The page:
Mourning Dove © Eric Schultz
Mourning Dove © Matthew Eckerson
Mourning Dove © Matthew Eckerson
Mourning Dove © Cheryl Arsenault
Mourning Dove © Cheryl Arsenault
Barred Owl © Cynthia Rand

Take 5: Barred Owls

“Solemnity is what they express—fit representatives of the night.”

—Henry David Thoreau

The shy but stocky Barred Owl does indeed cut a solemn figure, with its soulful, dark brown, almost black eyes and stripes of mottled brown and white crossing its body.

Many nighttime travelers in the New England woods have been asked, who cooks for you, who cooks for you all? by a Barred Owl. Its deep, resonant voice carries well in the moist, forested woodlands that the species prefers during the breeding season. They prefer natural tree cavities and human-made nest boxes for their nesting sites, preferably high enough up to avoid predators like weasels and raccoons.

Barred Owls are quiet and elusive, but since they don’t migrate at all, they don’t tend to move around all that much, generally adhering to a territory of no more than a few square miles their entire lives. Although their territories may sometimes overlap, Barred Owls do their best to avoid their cousins, Great Horned Owls—their greatest predator.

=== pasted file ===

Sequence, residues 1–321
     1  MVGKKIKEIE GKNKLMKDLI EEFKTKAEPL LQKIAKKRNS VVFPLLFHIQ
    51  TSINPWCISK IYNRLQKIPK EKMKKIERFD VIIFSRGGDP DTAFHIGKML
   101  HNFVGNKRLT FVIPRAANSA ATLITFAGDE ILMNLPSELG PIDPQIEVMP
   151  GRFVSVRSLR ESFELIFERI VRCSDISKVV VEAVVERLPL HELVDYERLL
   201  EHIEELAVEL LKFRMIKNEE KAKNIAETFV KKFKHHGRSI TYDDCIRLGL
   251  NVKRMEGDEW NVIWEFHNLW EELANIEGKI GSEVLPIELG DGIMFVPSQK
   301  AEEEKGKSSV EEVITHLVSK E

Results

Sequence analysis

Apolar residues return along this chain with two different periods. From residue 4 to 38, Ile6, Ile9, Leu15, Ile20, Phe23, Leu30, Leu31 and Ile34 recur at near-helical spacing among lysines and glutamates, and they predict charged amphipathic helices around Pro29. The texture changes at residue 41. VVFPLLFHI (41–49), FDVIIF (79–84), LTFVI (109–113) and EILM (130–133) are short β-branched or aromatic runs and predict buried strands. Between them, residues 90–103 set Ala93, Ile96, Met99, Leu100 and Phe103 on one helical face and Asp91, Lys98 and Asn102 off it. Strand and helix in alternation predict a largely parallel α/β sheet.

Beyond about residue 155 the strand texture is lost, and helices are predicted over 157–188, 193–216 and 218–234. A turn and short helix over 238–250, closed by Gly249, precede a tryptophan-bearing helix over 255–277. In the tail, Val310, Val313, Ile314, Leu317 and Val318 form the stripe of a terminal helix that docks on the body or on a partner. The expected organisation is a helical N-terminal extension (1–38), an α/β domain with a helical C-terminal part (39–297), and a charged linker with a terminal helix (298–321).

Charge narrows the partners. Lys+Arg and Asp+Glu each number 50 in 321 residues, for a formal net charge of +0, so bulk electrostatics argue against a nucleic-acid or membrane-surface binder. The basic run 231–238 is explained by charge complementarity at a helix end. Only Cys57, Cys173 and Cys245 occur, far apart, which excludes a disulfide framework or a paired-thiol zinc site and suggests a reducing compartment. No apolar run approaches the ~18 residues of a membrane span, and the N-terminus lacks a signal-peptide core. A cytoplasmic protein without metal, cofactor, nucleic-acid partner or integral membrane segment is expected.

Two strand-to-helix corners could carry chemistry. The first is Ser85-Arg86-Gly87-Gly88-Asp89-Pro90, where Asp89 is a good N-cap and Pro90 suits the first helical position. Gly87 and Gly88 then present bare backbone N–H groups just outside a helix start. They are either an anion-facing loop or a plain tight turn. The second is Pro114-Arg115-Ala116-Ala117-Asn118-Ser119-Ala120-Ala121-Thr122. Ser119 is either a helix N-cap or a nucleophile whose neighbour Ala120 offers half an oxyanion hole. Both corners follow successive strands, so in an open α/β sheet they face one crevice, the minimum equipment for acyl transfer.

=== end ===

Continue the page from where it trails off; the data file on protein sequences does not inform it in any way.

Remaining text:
You can learn more about the Owls of Massachusetts on our website, report an owl sighting of your own, and enjoy five photos of these gorgeous raptors from our annual Picture This: Your Great Outdoors photo contest, below.

Barred Owl © Ronald Grant
Barred Owl © Ronald Grant
Barred Owl © Jim Renault
Barred Owl © Jim Renault
Barred Owl © Corey Nimmer
Barred Owl © Corey Nimmer
Barred Owl © Darya Zelentsova
Barred Owl © Darya Zelentsova
Barred Owl with Young © Tina McManus
Barred Owl with Young © Tina McManus
Barred Owl © Cynthia Rand
Barred Owl © Cynthia Rand